Throwing the children’s food to the dogs

Reflections on the Readings for Sunday 14 August 2011

Isaiah 56:1, 6-7; Psalm 67:2-3, 5-6, 8; Roman 11:13-15, 29-32; Matthew 15:21-28

I have always found this Gospel story of a foreign woman petitioning Jesus for her daughter perturbing. Why does Jesus actively ignore the woman at first, and then when he does address her, why does he initially rebuff her? Is it because he wants to teach the disciples something and so plays on their own prejudices? That may be, but isn’t it disrespectful to turn the woman into a kind of object lesson, instead of addressing her as a human subject? The woman is not Jewish, yet she addresses Jesus as the Jewish Messiah and asks him to heal her daughter. Jesus justifies ignoring her by pointing to her non-Jewish status and his own mission which is to his co-religionists. When calling to him does not work she comes and bows down before him. Rather than tripping over her, he replies to her using a proverb that underlines her outsider status and her lack of any claim on him. She is not to be dissuaded, however, and replies with a proverb to trump his. She challenges the notion that to extend God’s grace beyond Israel is to deprive Israel of what is rightfully theirs. Jesus commends her faith, and her daughter is instantly healed. A story like this has the power to engage us deeply, precisely because it doesn’t sit well with us at first reading. We have to wrestle with it and the questions it throws up.

In my own wrestling, I have become convinced that Jesus does not try to fob off the woman simply because he begrudges a healing to an outsider. He is not a magician who performs magical healings on a whim. Jesus ministry signaled the breaking in of the Kingdom, and was accompanied by signs that pointed to God’s presence in the midst of God’s people, a restoration of wholeness and shalom. But now Jesus is in foreign territory and being petitioned by a foreign woman. I think he does not answer her not because he is annoyed with her, or because he’s playing games, but because he genuinely does not believe that he can help her. He does not brusquely send her away as the disciples suggest he does. I imagine real regret in his voice as he explains to them why he does not respond to her request. But this woman is motivated by her love for her daughter, desperation, and a stubborn refusal to believe that God’s grace and power will not extend beyond God’s own people. Jesus recognizes this as great faith and, as is suggested in the proverb exchange between them, he learns from her wisdom. Here is proof if ever it were needed that God works outside the box: a foreigner, and a woman, nudging God’s messiah to a new insight!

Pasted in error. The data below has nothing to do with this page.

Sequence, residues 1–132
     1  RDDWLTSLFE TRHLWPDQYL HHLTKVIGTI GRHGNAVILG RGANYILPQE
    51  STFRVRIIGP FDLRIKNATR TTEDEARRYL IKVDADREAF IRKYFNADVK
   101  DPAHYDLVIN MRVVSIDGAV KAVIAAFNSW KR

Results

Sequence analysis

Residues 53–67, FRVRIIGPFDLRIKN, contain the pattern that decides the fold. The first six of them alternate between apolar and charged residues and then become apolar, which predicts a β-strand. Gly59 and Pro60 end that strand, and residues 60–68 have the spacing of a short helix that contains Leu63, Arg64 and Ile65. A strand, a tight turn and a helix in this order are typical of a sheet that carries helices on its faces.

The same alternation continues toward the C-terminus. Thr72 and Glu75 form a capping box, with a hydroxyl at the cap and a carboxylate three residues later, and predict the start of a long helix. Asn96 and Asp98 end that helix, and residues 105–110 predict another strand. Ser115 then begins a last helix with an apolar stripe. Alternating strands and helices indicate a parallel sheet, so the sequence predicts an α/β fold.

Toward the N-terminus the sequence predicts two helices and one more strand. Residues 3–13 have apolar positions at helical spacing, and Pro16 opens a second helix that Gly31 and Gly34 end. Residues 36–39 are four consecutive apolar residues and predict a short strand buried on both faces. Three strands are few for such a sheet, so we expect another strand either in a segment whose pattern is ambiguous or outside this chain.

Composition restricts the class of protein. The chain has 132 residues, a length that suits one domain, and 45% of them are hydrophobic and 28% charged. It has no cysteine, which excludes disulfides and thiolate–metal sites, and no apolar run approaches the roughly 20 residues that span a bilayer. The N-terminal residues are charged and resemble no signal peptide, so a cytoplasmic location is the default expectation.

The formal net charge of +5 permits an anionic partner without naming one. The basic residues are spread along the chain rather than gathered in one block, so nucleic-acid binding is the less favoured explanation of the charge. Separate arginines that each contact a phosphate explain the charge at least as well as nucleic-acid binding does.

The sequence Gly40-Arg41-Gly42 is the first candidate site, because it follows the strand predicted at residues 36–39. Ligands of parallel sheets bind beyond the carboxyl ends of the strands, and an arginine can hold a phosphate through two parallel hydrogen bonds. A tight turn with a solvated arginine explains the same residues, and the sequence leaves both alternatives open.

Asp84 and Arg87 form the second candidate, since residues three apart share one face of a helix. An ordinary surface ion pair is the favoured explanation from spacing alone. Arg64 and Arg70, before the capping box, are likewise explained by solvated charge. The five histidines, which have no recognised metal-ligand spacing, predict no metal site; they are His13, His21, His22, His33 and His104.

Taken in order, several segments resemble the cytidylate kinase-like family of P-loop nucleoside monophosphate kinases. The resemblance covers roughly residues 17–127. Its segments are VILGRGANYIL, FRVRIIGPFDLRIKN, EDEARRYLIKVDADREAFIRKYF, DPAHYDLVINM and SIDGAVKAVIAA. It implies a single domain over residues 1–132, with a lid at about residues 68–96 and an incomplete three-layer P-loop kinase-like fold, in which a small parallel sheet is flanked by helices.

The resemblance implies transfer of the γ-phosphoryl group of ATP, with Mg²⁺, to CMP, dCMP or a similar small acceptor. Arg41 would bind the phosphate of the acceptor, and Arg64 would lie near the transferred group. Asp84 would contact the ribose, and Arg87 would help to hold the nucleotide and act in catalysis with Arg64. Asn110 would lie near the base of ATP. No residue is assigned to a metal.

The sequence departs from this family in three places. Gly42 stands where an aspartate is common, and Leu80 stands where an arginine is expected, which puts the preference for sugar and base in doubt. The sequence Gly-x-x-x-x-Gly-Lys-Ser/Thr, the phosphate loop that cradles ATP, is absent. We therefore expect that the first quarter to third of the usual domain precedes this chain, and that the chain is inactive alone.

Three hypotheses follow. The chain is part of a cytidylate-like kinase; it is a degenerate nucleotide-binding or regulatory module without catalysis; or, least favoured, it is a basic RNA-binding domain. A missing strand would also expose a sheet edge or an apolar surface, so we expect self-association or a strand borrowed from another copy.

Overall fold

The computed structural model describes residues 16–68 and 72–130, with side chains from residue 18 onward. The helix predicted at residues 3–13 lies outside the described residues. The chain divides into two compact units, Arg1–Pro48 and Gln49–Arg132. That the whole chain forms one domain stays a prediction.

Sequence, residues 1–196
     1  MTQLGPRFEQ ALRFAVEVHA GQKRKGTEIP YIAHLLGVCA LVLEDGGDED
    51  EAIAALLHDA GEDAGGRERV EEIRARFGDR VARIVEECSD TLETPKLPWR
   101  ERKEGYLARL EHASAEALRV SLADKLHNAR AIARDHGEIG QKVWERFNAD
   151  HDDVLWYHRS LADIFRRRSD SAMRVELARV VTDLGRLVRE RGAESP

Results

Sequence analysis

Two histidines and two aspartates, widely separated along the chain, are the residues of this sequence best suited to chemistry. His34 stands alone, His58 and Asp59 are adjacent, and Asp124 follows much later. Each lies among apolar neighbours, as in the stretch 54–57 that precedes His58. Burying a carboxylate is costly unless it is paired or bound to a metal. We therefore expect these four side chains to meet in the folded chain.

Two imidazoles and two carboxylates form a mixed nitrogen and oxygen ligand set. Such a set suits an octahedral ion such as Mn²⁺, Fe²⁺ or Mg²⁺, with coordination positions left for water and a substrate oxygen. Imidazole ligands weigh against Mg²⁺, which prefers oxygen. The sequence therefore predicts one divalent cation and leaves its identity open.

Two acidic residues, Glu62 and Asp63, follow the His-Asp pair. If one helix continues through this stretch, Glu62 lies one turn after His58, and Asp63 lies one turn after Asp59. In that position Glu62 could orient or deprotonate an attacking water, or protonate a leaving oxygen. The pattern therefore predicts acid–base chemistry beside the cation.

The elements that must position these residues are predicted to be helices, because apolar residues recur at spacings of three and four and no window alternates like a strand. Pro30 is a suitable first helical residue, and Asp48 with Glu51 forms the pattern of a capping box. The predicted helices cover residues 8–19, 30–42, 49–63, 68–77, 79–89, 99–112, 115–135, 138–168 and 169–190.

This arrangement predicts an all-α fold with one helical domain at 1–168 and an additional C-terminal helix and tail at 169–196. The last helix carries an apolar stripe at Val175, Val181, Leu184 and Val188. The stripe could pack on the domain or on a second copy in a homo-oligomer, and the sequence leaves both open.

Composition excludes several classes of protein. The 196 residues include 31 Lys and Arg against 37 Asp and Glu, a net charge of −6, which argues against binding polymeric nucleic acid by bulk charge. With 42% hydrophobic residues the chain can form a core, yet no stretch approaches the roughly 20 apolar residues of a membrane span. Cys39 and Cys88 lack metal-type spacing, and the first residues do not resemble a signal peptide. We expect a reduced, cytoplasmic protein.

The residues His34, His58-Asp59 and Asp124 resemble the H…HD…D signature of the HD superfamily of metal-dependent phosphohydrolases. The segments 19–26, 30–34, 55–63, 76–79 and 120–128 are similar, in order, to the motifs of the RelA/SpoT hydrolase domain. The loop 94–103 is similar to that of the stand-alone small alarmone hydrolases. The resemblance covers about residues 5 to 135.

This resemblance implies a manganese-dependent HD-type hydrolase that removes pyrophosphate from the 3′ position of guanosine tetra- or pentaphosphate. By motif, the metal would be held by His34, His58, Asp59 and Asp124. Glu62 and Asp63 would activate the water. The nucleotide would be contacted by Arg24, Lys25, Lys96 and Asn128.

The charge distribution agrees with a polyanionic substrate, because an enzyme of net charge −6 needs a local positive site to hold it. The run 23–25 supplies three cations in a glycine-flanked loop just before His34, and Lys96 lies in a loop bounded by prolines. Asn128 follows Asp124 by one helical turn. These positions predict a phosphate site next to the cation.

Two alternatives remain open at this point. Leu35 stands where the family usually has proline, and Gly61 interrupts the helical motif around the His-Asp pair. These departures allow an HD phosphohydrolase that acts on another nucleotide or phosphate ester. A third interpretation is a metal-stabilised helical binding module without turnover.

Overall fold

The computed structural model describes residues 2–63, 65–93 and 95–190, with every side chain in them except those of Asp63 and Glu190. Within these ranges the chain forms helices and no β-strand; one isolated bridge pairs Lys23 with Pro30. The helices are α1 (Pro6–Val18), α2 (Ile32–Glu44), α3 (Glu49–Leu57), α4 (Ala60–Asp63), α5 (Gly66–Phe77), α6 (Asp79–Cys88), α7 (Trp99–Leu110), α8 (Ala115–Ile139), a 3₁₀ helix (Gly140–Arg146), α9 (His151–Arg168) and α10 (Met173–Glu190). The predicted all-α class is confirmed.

The Jewish tradition had long acknowledged that God’s rule and providential care extended beyond national borders. There is a creative tension, even a paradox, in recognising both the universality of the creator and sustainer God and one’s status as the people of God. This tension has been carried over into Christianity. Today’s psalm calls upon all nations to praise God, and asks God to behave in such a way that his gracious dealings with his own people become the theme and reason for that praise. The prophet conceives of God’s universal care in terms of an invitation to those on the outside to join God’s people and thus become ‘insiders’. That way, God still remains ‘ours’, without others being irrevocably excluded. God remains the God of a particular people, but membership of that people is open to all who choose to identify with the community, whatever their origin.

The earliest Christians were all Jewish, and followed Jesus as the Jewish messiah. But through the ministry of people like St Paul, more people of pagan backgrounds became Christian, and they did so without first embracing Judaism. This led to many a theological headache (and still does), as illustrated by Paul’s musings here in Romans. For him three things are clear: God does not abandon God’s people; God is at work in Jesus Christ and his followers of all backgrounds; and God’s purpose is not to choose one group to the detriment of another, but that all may be saved. Where do we draw the insider / outsider boundaries, and where does God?


About Jessie Rogers

I'm a Scripture scholar and Godly Play practitioner living in Ireland.
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